Puppies are all the rage these days, but that doesn’t mean Berlin’s gay male community suddenly has a fetish for Fido. An insider walks us through the scene. See them walk (or join in) yourself in Tiergarten on Easter Sunday at 2pm.
An Erdnussflip sat on his snout for what seemed an eternity. He could hear the laughs of the onlookers at Kreuzberg’s BDSM club Quälgeist as it lay precariously on his prefab dog nose. He waited until his master’s signal and then attempted to throw it up and catch it in his mouth. With the leather muzzle affecting his depth perception, it wasn’t successful, but the audience had gotten the idea. “It wasn’t like they were laughing at me, but at the situation,” giggles Sean Z. “So it was easy to handle.”
The boyish British-German 40-year-old is a proud member of the international queer left crowd. His punky clothing and Mohawk, often covered with a cap, convey some sort of kinkiness, but you couldn’t put your finger on it just from looking at him. Unlike, say, furries, Sean doesn’t actually identify as a canine. He just plays one for kicks every now and again, when he meets the right “handler”.
Puppy play is fetish play: it doesn’t necessarily involve sex, but it’s always erotic. “I like the mixture of obedience – the role of an owner and his property – with the love between both, and the loyalty and the cuteness of the puppy,” Sean explains. In addition to the Erdnussflip trick, he’ll sit, fetch, walk, bark… anything his handler asks. The childlike freedom of doggie roleplay appeals to him as much as the submission. “As a puppy you can be goofy or cheeky, and your top kind of also loves you for that,” he says, sipping tea. “Of course it feels silly at first, but I can be silly sometimes.”
Silly or not, one still has to look the part for the fantasy to work. The standard puppy play outfit consists of a leather snout mask, a harness and collar, and paw-like mitts for the hands and knees. Butt-plug tails aren’t uncommon. And this “play” comes with a hefty price tag. Masks alone can run from €225-€275, tails €50-80. Sean crafted his own mask, but that required a bit of skill.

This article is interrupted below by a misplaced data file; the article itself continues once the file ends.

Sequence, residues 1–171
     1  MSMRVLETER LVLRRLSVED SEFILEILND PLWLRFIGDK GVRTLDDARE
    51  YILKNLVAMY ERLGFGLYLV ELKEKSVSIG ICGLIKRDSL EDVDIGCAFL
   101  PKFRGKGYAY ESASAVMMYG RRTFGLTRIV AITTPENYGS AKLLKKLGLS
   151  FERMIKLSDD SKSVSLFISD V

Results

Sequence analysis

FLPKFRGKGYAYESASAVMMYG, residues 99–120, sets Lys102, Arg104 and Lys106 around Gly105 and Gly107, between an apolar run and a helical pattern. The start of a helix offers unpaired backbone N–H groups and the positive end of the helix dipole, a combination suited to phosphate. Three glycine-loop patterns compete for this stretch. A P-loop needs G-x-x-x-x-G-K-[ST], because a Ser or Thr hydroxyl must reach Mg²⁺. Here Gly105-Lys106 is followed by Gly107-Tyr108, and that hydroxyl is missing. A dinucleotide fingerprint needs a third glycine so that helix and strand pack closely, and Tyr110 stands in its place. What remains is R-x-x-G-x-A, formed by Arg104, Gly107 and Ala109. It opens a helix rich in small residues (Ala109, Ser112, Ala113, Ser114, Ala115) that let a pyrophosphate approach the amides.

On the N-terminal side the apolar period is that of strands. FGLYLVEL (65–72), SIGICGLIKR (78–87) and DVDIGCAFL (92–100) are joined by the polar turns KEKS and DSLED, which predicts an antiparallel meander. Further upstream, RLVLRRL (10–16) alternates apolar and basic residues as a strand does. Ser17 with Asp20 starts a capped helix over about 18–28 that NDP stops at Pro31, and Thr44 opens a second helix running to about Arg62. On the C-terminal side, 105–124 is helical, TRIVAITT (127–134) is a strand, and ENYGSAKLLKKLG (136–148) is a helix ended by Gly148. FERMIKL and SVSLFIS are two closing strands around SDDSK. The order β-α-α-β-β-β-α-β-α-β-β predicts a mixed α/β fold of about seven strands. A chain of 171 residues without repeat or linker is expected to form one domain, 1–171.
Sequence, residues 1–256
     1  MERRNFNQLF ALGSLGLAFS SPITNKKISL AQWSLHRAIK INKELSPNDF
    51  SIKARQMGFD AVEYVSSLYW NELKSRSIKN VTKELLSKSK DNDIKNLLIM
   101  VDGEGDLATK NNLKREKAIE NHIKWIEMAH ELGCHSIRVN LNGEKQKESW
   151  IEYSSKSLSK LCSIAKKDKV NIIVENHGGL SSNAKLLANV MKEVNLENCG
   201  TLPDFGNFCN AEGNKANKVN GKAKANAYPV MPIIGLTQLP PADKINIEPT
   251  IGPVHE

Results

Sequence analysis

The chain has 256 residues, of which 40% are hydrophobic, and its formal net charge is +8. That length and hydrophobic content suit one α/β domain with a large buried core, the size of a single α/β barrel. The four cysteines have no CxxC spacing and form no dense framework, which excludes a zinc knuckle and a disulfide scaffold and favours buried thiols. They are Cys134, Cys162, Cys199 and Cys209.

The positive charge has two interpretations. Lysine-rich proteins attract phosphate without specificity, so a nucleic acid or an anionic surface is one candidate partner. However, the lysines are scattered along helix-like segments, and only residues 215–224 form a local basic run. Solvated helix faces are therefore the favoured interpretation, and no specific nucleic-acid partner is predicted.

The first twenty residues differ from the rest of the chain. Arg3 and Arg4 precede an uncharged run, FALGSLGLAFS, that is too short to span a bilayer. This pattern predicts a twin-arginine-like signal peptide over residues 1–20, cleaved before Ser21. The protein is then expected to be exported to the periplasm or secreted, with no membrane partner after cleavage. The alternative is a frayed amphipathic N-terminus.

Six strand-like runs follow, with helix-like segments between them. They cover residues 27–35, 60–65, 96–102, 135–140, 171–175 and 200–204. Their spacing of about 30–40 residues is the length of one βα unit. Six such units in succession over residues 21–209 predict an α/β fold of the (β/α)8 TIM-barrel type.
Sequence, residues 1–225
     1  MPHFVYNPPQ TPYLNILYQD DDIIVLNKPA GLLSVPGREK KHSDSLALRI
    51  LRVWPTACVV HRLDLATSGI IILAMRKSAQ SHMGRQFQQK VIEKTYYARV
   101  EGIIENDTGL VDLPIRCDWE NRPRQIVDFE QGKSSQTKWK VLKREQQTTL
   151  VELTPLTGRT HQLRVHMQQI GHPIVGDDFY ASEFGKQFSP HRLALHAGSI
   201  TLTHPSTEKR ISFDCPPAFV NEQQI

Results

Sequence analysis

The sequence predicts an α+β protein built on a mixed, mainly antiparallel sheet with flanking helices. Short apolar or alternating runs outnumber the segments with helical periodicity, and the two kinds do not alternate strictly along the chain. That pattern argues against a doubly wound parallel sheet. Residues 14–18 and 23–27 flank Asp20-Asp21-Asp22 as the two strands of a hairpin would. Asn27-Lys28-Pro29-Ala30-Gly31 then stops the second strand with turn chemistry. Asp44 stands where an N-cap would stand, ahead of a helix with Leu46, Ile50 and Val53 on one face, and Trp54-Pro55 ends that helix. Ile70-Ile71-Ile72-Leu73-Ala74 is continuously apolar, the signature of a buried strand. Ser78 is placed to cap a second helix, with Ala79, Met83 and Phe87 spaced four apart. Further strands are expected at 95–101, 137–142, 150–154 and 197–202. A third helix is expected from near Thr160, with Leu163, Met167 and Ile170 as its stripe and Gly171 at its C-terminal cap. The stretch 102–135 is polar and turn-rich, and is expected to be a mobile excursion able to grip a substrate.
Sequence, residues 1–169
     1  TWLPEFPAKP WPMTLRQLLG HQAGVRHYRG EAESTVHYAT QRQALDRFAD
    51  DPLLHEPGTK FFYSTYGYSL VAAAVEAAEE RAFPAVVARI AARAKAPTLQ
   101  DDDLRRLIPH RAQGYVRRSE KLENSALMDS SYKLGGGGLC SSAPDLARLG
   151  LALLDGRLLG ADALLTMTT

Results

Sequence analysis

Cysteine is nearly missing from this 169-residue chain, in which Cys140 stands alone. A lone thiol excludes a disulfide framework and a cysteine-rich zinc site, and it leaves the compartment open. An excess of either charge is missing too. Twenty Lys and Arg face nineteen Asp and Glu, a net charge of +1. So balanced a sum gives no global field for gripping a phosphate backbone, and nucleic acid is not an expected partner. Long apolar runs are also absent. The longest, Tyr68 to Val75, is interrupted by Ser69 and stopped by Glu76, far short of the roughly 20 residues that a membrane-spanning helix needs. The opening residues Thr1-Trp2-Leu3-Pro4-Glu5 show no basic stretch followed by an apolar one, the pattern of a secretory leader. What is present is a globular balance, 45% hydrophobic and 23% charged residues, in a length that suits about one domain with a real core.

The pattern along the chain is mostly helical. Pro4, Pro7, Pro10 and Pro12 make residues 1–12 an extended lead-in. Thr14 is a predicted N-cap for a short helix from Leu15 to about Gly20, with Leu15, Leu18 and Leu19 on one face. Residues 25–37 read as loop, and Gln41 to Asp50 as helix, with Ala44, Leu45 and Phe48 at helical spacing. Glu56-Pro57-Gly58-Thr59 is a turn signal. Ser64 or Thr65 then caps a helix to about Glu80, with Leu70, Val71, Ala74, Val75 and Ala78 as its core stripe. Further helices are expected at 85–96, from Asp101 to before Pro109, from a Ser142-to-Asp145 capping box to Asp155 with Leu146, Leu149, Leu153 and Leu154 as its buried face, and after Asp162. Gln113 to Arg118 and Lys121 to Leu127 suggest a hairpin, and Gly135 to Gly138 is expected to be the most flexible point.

What seems like a niche kink has exploded in Berlin in the past few years. “Puppies were the thing at this year’s Folsom Street Fair. Last year it was SWAT teams, this year it was puppies,” jokes Sean. Leather-clad dog-men have made the cover of Siegessäule. Entries in Berlin’s Porn lmfestival have tackled both the aggressive and tender sides of the topic (Ben Berlin’s 2014 “Dog-fight” and this year’s “Flo & Hector in Hasenheide”, respectively). Mr. B., the spendy leather and fetish emporium on Schöneberg’s Motzstraße, even has its own glossy puppy play catalogue: Fetch. A “puppy walk” through Tiergarten on Easter brought the fetishists further out in the open.
Puppy play hasn’t gone unnoticed by Berlin’s art world either. Illustrator Felix Scheinberger’s latest book Hedo Berlin includes images of puppies sketched on-site at famed sex haunts like Kitkatclub or Insomnia. And his friend and colleague Nora Marleen documented a sighting of the elusive female puppy – a rarity in the Berlin scene, to say the least.
What is it about puppy play that holds such appeal? “Visually, they just look great,” Scheinberger admits. Sean has more of an insider’s perspective. “Nowadays, young people coming into the BDSM scene start with puppies,” Sean continues. “Puppies are cute. And you don’t really harm them. So if you’re curious about fetish and BDSM, it’s an easy way in. All these puppies appearing now, I think they just think it’s a cute, interesting thing to do. I can’t really imagine that all of a sudden, within two or three years, so many people suddenly have this dog identity.”
And how is the city responding to its relatively new animal community? The puppy walk in Tiergarten during Easter went off without a hitch. From time to time, you hear remarks about someone taking their puppy on the U-Bahn, with the reaction being a simple “Only in Berlin.” But Berlin’s always been a dog lover’s city, anyway.
2. EASTER PUPPIE WALK, Apr 16, 14:00 | Meet at Brezel Company, Kalckreuthstr. 16, Schöneberg,